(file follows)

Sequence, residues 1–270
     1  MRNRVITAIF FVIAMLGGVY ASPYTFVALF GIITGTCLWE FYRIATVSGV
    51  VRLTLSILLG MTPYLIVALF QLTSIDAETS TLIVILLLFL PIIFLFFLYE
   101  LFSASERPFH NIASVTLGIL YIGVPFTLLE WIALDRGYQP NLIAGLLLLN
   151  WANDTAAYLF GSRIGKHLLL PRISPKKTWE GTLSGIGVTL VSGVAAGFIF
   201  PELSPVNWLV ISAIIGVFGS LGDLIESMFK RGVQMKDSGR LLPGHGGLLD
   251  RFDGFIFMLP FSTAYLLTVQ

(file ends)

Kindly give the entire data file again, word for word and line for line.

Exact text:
Sequence, residues 1–270
     1  MRNRVITAIF FVIAMLGGVY ASPYTFVALF GIITGTCLWE FYRIATVSGV
    51  VRLTLSILLG MTPYLIVALF QLTSIDAETS TLIVILLLFL PIIFLFFLYE
   101  LFSASERPFH NIASVTLGIL YIGVPFTLLE WIALDRGYQP NLIAGLLLLN
   151  WANDTAAYLF GSRIGKHLLL PRISPKKTWE GTLSGIGVTL VSGVAAGFIF
   201  PELSPVNWLV ISAIIGVFGS LGDLIESMFK RGVQMKDSGR LLPGHGGLLD
   251  RFDGFIFMLP FSTAYLLTVQ